And here is where I must warn you, dear readers, that while I always try to honor the Code of the Spoilers, there are certain aspects of this production that are revealed only by degrees. But to appreciate the greatness of Ms. Washburn’s accomplishment — and, yes, I just used the “g” word — you need to know about what’s waiting for you here in the blackest midnight of these characters’ souls.

Granted, there are visible clues as soon as you step into the Almeida. At the dead center of the theater is an immense, battered round table, with many, many chairs pulled up to it. It may be that you, as an audience member, will be seated in one of them. And if you are among such an elect, there may come a time when you may no longer recognize yourself, or those seated beside you. (This might be the point to mention that the gobsmacking surprises of décor and attire are by the set designer, Miriam Buether, and Fly Davis, who did the costumes.)

But there, I’ve said too much. What’s on entirely open view from the beginning is a totem pole and a huge animal hide (presumably a bear’s) nailed to the wall. Clearly, something primeval is on the prowl. And as the night wears on, and people get drunker and wearier and more wired, their imaginations will take them into a land that is sacred and profane, apocalyptic and eternal, where a gold-skinned god with a New Yawk accent tempts a man who believes in the sacredness of the constitution, and the institutions it protects.

The name of the man being tempted is … Well, if you’ve paid attention from the beginning, you’ll know it’s that same public servant who appeared to us — fleetingly, parenthetically — in the very first scene.

From the beginning you will also become acquainted with several other, seemingly irrelevant characters, the last previous tenants of this farmhouse: a father, a mother and their adopted Nigerian son. Pay close attention to that young man, whose name is Mark (the quietly charismatic Fisayo Akinade), for he holds the key to the play’s ultimate secret. Hint: it is not a political secret, or not exactly.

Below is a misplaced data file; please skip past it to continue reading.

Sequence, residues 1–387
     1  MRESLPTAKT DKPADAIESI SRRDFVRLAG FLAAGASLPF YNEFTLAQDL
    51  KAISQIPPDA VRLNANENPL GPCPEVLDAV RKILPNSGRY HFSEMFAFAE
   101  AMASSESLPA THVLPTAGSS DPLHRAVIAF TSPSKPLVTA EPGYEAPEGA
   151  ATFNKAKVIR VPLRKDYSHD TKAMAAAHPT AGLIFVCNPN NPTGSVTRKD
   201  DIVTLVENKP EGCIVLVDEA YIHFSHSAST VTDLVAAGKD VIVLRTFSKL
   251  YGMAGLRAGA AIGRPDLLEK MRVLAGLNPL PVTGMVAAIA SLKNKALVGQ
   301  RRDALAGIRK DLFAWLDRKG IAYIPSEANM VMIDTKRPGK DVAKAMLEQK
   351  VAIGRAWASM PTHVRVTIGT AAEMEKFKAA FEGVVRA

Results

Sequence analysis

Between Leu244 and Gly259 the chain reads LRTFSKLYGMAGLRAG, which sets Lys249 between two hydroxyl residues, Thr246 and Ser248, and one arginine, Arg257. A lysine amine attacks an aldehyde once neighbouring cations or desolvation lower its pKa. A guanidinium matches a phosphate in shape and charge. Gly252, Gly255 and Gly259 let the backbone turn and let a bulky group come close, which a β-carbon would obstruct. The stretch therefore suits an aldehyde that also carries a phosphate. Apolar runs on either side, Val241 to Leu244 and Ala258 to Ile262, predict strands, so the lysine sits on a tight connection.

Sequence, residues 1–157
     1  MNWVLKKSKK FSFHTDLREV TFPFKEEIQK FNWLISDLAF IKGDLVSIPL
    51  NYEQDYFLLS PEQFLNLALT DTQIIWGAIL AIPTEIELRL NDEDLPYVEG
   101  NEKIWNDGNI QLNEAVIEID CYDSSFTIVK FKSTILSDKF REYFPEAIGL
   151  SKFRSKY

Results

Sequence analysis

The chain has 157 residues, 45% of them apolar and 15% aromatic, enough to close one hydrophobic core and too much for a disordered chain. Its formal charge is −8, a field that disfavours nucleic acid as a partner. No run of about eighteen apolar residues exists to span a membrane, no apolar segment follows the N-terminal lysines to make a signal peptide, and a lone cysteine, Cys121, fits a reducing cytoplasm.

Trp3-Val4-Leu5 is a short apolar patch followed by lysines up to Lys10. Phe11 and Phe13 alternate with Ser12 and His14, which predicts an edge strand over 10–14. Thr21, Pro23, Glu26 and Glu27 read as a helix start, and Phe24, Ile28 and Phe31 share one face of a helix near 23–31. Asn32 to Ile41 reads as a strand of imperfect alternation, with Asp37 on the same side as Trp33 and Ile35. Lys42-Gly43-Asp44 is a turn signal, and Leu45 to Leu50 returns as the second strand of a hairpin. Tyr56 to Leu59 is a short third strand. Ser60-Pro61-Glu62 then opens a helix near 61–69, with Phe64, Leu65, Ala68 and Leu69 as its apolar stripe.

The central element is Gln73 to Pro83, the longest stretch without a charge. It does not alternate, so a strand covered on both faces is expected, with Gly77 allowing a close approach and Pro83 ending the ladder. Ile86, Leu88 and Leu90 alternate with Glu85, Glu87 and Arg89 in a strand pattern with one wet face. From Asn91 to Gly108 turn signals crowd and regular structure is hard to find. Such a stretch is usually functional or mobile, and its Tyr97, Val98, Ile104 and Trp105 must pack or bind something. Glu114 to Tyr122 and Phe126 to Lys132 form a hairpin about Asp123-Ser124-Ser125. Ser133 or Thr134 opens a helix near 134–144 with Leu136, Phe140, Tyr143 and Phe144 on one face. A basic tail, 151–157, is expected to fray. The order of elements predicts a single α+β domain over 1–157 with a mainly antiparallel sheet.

For as in her fabulous “Mr. Burns, a Post-Electric Play” — which traced the evolution of an episode from “The Simpsons” into a heroic, Homeric narrative for a Dark Ages of the future — Ms. Washburn is pondering our atavistic hunger to tell stories to make sense out of life. And she knows that when characters like those of “Shipwreck” are faced with what seems inexplicable to them, their so-called enlightened minds may find themselves wandering into primal, mythic realms — where there be dragons and demons and amoral Dionysiac gods.

Such fantasies — fueled in part by sleeplessness and drunkenness — draw from recesses of memory these characters haven’t looked into recently. Taking-off points in the play (which could still benefit from trimming) range from the Bible to “The Lord of the Rings,” from MTV music videos to contemporary YouTube loops. Such references inspire a teeming, eclectic visual vocabulary reflected in Luke Halls’s genre-blending video dreamscapes and the pregnant campfire spookiness of Jack Knowles’s lighting.

But who ultimately is the storyteller in charge here, the great purveyor of all these fears and fantasies, this imaginer of the imaginings of others? I mean, aside from Ms. Washburn, who would probably disavow ultimate responsibility.

There is a final answer to this question, sort of, but don’t take it as the last word. “Shipwreck” is wrapped in so many layers — of narrative, of interpretation, of mutating thoughts — that it should be stifling. Instead, it finds a paradoxical exhilarating brightness — and most important, a boundless empathy — within its endless night.

Through March 30 at the Almeida Theater, London;

Source: Read Full Article